It was really miraculous.  I have never been so aware and in awe of the miracle of birth as I was that night.  And so, after three pushes, Max was here.  They laid him on my chest and toweled him off and we laid skin to skin for the first hour.  It was the best bonding experience I have ever had just after the birth.  I attribute this to two factors.  The first is, I wasn't so exhausted from labor and so I was a pretty strong advocate for myself.  And the second is the hospital I chose to birth at; they were completely willing to delay weight and height assessments and other things for a full hour, and did all apgar assessments while he was laying with me.  It was glorious.  He breastfeed soon after birth, and it was amazing to be able to enjoy those first few moments of his life.  Ella's and Charlotte's first moments of life are such a blur; I was so tired.

I still kind of laugh to myself that I got an epidural.  I never would have predicted that.  But, if you want the truth, I am completely happy with my experience.  My recovery has been easy, easier than my first two, truthfully.  Max is my most vigorous breastfeeder, yet.  Although I attribute that to personality as much as anything else.  I don't know how things would have been different if we hadn't been induced.  Certainly contractions wouldn't have been so intense so soon, and maybe I would have chosen a completely different pain medication outcome.  But, for this birth, I have no regrets, and feel completely at peace with my choice. We'll let future births play out on their own.  

And so, that is Max's story so far.  

We are so blessed to have him home with us, and excited to watch him grow into the man God wants him to be.


I appreciate cows.

Friday was Cow Appreciation Day at Chick Fil A.  Which basically means, if you dress up like a cow, you get a free meal.  Yes, meal, people, not just a little chicken sandwich.  I got an entree salad.  The girls got kids meals, with fruit! (For the second time in their entire lives.  And I mean kids meals from any restaurant, not just Chick Fil A.  They never get kids meals.  They were thrilled with the toy at the bottom of the bag.  We went out to eat with my mom last weekend, and we ordered them an adult entree to share, and the waitress asked if we had seen the kids menu, and Paul said, "We don't believe in kid's menus."  Amen, husband.)  So, judge me for going out for fast food, because the lure of free lunch was just too appealing.  Plus, my friends all got together Friday morning and we made cow costumes while the kids played.

Best playgroup ever.


Lying has not worked out for me.

So, about nine months ago, give or take, I decided that my babies are always late, and so telling people my actual due date would just result in weeks of comments such as "Any day now!" or "Have you had your baby yet?"  Which, to me, are just frustrating, when you pretty much know that delivery is still a month away.  Even when I assure people that I'll probably be late, I hear things like, "Well, you never know."  Which, I understand, you don't ever really know, but, I kind of do.  Well, so I told everyone (except Paul and some of our family, and a few friends), that we are due in August.  I just pushed the due date back three weeks, thinking that I would be free and clear of all reminders of how unbearably long it takes me to gestate.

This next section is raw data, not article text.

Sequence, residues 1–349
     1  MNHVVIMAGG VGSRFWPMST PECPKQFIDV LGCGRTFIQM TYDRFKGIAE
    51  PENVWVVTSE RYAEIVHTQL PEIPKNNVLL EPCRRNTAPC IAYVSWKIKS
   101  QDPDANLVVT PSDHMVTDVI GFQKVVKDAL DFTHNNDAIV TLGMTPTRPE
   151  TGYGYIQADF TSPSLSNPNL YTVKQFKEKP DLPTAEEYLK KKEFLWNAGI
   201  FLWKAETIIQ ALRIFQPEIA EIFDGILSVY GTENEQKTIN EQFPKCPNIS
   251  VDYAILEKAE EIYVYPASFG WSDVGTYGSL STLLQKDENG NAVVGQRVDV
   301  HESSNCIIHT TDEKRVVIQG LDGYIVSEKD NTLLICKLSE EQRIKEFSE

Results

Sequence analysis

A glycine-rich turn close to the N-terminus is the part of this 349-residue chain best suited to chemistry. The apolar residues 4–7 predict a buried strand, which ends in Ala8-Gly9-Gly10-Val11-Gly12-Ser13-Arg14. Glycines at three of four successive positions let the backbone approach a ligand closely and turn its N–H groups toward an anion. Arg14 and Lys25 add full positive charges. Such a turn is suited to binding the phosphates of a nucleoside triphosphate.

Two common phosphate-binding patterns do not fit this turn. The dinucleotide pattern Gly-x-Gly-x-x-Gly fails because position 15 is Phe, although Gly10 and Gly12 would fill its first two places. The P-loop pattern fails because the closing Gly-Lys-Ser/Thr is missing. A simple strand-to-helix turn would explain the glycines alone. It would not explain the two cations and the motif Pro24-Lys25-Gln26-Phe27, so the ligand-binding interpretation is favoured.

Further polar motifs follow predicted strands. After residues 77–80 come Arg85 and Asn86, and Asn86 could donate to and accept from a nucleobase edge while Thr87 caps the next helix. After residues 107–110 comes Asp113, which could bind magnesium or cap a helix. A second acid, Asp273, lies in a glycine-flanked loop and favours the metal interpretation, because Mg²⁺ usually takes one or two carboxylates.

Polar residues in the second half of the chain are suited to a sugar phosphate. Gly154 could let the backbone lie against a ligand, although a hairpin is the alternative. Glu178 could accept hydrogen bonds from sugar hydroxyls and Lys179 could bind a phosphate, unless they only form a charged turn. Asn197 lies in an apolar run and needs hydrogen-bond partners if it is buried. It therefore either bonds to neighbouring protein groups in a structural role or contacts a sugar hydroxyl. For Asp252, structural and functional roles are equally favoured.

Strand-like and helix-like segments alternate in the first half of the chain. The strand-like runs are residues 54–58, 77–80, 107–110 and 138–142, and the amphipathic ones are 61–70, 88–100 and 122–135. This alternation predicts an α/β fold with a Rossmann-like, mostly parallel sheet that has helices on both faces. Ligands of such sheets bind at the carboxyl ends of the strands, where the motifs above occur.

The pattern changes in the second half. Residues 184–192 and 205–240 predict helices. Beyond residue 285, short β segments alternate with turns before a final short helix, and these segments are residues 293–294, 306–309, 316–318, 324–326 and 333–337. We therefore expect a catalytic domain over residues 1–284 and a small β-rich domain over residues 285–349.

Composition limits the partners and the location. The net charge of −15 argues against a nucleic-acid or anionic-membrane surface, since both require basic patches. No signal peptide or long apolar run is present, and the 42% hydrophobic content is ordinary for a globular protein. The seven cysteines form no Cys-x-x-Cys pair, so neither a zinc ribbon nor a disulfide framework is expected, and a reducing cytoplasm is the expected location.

Well, I think this plan would have worked for many women.  Some women carry high, and it's hard to tell how pregnant they are.  But, as it turns out, it is pretty obvious that I am full term, because people are coming out of the woodwork to tell me that I will be birthing any day now.  Random strangers at grocery  stores (yes, it has progressed beyond polite conversation with the checkout person), people I have never even spoken to at church.... I'm trying to think of other examples.  But, now that I think about it, mostly I just go to the grocery store and church.  So that's basically it.

My friends either know that I'm a little (or a lot) sensitive or think I'm due in a month, so they leave me alone.  It's everyone else who bombards me with reminders of my ever aging fetus.  Well, strangers and the nurses at my doctor's office.  Seriously, doesn't anyone go the full 40 weeks any more?  Apparently not, because my 37, 38, and 39 week appointment were all met with comments about me "still being here".  Yep, just getting my money's worth.  Keep up the good work.

So now I know.  Lying doesn't help.  Although, next pregnancy I am considering pulling out the big guns:

"When am I due?  Oh, I'm not pregnant."  That'll stop the comments real fast.

But for now, I just content myself by committing to just pretend people aren't pregnant when it's painfully obvious they are.  I sent my good vibes out into the universe the other day when I passed another (very) pregnant woman in the grocery store, looked at her right in the eye, grinned, and said, "I love your haircut."

The view from here.  Why yes, that is a cow spot on my shirt.